Veteran actors at home in TV writers' play about family transitions

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In a One-Man Show, the Essence of Dr. King By NAOMI SIEGEL

"The Man in Room 306" challenges the audience to confront viscerally one of the most tragic moments in our country's history: the assassination of the Rev. Dr. Martin Luther King Jr.

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Tomorrow's Hopes Tinged With Regret By ANITA GATES

In the Westport Country Playhouse's wry new production of "Time of My Life," the play opens with a guest who is about to be sick and then things get uglier - in a civilized British way.

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Like marriage, musical revival has two sides By Daryl H. Miller

Following 50 years of family life, 'I Do! I Do!' has periods of dullness but also offers humor and promise.

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SPLIT DECISION By Leonard Jacobs

Democracy in America turns de Tocqueville topsy-turvy

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Great Expectations

This musical has the advantage of not only hitting all the plot points but providing back story on Miss Haversham's lover not revealed in any other production. It also illuminates psychologi…

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Lainie Kazan - Reviewed by DAVID FINKLE

What do you do when a singer gets two-thirds of the way through a set and then mentions dealing with a little flu problem? You cut the performer some slack.

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'Wicked' storms through Florida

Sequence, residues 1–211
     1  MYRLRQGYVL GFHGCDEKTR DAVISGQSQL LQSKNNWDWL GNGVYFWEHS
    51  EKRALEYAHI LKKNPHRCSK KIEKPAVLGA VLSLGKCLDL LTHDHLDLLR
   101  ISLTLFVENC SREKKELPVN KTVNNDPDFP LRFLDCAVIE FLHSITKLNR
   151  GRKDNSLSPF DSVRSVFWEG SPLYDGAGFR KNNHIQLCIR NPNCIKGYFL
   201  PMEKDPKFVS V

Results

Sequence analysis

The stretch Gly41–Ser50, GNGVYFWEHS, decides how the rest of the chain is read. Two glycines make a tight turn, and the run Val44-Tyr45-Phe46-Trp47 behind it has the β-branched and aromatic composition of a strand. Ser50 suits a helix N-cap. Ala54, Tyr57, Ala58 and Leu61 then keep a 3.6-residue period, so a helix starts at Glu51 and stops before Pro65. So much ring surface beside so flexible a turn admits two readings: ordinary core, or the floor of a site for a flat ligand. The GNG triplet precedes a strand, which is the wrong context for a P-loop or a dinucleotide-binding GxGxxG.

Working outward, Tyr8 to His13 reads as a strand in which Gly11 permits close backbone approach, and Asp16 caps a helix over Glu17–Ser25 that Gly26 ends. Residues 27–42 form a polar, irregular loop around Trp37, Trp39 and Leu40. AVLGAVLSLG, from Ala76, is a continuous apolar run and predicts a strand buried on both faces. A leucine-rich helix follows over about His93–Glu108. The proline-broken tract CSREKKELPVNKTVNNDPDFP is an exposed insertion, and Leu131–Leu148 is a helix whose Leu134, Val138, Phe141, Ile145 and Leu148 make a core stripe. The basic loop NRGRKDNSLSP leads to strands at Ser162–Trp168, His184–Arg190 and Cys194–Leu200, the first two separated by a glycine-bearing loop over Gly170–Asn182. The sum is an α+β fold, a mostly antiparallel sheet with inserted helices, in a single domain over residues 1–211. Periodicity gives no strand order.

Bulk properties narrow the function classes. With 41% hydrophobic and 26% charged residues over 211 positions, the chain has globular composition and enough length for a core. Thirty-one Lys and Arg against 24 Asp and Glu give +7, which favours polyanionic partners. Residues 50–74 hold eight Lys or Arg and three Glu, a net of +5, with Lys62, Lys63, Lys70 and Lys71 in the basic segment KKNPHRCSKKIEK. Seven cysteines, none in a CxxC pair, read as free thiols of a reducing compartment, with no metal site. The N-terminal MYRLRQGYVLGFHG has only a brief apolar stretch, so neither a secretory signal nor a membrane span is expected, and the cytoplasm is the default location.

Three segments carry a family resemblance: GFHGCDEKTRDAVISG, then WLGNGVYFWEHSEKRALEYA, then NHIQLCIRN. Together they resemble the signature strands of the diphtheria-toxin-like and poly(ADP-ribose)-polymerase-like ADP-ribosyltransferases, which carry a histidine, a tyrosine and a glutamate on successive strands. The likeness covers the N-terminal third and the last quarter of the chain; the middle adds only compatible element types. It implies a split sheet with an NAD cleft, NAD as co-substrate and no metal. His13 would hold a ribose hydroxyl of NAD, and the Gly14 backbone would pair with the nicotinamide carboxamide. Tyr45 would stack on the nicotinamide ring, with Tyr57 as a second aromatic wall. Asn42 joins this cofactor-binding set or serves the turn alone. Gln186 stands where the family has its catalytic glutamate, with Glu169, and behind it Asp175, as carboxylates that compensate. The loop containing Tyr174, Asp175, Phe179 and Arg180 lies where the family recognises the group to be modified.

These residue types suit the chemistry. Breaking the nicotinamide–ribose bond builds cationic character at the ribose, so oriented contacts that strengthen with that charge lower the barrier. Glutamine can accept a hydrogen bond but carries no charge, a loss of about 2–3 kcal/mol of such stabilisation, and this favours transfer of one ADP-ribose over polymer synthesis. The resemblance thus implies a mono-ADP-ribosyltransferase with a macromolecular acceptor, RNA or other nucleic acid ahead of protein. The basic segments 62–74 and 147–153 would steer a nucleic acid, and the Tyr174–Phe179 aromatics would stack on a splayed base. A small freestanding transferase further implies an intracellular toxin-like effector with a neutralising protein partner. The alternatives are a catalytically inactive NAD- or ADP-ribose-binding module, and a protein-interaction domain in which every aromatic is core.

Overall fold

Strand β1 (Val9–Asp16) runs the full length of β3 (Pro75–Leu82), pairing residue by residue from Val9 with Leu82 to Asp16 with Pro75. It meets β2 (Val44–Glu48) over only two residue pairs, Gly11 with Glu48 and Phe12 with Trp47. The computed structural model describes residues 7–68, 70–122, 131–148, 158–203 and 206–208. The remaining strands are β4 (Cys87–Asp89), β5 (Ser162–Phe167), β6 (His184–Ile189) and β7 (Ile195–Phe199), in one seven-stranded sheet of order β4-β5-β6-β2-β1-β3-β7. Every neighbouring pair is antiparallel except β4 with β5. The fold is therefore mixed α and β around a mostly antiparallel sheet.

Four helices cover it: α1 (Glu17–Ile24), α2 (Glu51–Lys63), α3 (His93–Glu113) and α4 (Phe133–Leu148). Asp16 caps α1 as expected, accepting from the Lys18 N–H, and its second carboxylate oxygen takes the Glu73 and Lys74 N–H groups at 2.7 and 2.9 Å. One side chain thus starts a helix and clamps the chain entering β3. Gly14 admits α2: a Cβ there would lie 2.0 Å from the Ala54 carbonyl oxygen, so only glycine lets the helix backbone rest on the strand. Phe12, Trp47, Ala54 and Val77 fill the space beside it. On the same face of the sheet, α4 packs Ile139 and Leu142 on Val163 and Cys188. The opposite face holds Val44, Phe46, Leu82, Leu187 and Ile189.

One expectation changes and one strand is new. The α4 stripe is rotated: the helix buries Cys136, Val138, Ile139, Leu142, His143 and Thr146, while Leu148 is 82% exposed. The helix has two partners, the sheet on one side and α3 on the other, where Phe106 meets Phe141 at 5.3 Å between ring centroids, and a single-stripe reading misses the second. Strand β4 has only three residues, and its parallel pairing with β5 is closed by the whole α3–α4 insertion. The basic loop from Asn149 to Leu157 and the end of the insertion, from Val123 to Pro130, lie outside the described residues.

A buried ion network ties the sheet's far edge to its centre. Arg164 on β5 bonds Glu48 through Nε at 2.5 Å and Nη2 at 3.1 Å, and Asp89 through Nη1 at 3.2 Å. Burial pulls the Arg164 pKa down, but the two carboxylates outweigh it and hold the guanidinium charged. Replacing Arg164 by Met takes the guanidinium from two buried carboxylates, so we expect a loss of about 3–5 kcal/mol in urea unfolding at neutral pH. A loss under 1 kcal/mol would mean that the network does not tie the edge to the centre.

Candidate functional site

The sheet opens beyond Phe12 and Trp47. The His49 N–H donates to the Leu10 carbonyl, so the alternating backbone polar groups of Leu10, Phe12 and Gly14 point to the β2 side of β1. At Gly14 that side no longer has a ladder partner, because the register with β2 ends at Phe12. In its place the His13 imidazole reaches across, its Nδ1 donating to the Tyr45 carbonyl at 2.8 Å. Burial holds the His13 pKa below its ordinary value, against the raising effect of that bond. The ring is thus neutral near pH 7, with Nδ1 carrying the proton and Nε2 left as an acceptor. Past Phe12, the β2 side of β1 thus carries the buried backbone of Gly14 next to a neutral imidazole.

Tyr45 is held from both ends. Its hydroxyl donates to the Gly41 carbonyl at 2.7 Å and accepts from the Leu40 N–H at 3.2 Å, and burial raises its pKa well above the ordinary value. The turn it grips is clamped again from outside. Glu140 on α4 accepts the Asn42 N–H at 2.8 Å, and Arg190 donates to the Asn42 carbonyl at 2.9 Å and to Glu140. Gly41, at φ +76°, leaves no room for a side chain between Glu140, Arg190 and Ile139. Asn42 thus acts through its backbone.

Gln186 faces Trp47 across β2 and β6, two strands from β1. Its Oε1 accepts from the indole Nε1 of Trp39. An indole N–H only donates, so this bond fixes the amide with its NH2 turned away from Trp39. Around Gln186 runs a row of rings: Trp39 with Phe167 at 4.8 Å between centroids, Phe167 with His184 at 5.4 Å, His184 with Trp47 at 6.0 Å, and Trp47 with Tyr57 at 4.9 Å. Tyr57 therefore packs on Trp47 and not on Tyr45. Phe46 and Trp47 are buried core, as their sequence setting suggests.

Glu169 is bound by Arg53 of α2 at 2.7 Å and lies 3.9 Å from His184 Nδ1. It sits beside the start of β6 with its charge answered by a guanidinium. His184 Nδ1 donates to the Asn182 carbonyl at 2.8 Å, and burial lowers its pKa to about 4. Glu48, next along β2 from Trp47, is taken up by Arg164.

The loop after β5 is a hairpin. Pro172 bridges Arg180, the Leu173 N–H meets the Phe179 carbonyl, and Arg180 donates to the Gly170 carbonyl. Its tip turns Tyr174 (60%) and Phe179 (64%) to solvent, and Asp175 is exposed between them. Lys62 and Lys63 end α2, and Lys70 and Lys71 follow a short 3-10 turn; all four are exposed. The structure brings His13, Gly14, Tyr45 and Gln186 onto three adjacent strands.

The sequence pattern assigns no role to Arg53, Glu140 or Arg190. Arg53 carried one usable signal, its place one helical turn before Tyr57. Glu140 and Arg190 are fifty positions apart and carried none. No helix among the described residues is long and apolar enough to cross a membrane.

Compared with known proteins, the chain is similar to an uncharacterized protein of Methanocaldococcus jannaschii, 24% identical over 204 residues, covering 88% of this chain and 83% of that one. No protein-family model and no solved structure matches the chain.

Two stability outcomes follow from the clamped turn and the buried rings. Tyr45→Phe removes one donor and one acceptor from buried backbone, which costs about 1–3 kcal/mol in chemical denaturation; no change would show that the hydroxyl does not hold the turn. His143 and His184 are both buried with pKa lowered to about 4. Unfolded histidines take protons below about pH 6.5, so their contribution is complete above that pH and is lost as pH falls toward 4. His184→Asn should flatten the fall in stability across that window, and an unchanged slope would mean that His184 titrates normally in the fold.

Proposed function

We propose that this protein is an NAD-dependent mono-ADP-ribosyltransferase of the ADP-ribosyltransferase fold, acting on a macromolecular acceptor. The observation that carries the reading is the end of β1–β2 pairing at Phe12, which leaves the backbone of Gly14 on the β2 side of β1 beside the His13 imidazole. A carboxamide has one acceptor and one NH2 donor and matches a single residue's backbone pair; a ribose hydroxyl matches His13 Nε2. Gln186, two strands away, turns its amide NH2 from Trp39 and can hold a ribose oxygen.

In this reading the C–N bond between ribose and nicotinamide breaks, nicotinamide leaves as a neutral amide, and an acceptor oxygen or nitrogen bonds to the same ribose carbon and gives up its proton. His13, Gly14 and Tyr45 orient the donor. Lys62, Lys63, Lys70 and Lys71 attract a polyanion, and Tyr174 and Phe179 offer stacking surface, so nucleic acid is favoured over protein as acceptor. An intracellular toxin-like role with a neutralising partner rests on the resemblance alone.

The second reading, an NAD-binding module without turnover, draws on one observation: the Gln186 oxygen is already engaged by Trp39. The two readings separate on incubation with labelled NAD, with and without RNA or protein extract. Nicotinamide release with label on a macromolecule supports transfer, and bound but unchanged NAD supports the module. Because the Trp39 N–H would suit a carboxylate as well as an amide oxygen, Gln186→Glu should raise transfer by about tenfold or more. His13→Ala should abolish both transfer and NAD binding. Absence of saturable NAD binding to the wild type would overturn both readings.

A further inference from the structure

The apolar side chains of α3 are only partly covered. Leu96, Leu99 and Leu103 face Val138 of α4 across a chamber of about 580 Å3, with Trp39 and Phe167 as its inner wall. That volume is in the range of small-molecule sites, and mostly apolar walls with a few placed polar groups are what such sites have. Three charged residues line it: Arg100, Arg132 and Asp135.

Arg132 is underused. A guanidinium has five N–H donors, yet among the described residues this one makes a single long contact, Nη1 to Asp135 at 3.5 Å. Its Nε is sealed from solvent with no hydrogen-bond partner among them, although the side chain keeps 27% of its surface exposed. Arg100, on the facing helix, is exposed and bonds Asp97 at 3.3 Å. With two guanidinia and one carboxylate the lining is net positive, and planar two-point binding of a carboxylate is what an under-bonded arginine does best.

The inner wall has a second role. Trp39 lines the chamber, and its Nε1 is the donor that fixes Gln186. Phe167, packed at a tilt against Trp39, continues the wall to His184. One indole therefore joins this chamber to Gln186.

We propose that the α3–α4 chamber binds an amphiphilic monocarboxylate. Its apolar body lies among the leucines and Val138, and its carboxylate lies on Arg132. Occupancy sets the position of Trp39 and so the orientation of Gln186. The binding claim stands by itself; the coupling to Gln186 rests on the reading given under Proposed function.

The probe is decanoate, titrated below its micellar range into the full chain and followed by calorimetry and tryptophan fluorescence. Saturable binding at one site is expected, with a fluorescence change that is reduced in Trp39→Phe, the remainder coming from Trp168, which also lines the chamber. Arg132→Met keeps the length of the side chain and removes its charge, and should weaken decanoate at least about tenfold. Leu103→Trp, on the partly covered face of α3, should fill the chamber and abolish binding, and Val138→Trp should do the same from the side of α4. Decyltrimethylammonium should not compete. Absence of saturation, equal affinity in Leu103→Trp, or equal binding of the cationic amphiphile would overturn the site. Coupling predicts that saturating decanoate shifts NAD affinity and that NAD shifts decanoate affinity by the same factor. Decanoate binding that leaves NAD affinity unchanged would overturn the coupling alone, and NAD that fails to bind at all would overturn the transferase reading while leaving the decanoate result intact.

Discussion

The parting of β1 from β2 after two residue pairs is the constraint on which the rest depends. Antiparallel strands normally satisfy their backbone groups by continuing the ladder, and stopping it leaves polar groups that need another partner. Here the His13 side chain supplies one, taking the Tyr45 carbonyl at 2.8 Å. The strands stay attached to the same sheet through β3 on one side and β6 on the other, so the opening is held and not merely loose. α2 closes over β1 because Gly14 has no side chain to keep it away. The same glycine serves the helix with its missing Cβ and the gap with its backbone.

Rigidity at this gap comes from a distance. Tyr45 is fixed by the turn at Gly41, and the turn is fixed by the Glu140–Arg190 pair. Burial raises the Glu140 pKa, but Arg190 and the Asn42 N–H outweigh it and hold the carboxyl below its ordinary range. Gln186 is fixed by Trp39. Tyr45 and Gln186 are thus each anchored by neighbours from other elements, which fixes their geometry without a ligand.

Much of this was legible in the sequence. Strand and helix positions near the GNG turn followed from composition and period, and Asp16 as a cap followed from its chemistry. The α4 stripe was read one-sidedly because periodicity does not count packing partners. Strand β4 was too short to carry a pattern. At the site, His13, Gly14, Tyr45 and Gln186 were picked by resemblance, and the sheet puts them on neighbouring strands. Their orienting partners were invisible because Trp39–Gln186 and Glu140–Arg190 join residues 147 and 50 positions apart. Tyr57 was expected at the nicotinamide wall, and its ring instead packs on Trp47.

Road Grosses

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Oh, Happy Theatergoers

You know what expression you don't much hear any more? "The Fabulous Invalid." It was a term often used in the early part of the last century to describe theater as an ailing endangered species—please take you medicine, dear stage—but something that always seemed to survive, no matter what. And if we could pick one musical to typify the fabulous invalid, wouldn't it have to be Candide?

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Jolly Roger, thanks to May

She's still at it, and today's theatergoers are going to be mighty glad she is. Almost a half-century ago, Elaine May was spoofing telephone calls. Now, at the George Street Playhouse in New Brunswick, May shows she's kept up with the technological times in the world premiere of her winning comedy, Roger Is Dead.

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On the Record, by Steven Suskin

Jim Dale and Glenn Close in Busker Alley and a Newly-Recorded Vernon Duke

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A Thing Called Hope: The Timely Return of South Pacific, by John Lahr

By the time South Pacific closed its run on Broadway, after five years and nineteen hundred and twenty-five performances, it had done its work in the world. But the show's defining impact was not financial; it was subliminal.

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Dramatic Power Couple: Theater Is Their Castle, by Charles McGrath

The director Rupert Goold and his wife, the actress Kate Fleetwood, are working together in the Broadway production of Macbeth.

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Broadway's Cookie, Un-Sugarcoated

Faith Prince is returning to Broadway in A Catered Affair, a risky show even by the standards of an insanely risky industry.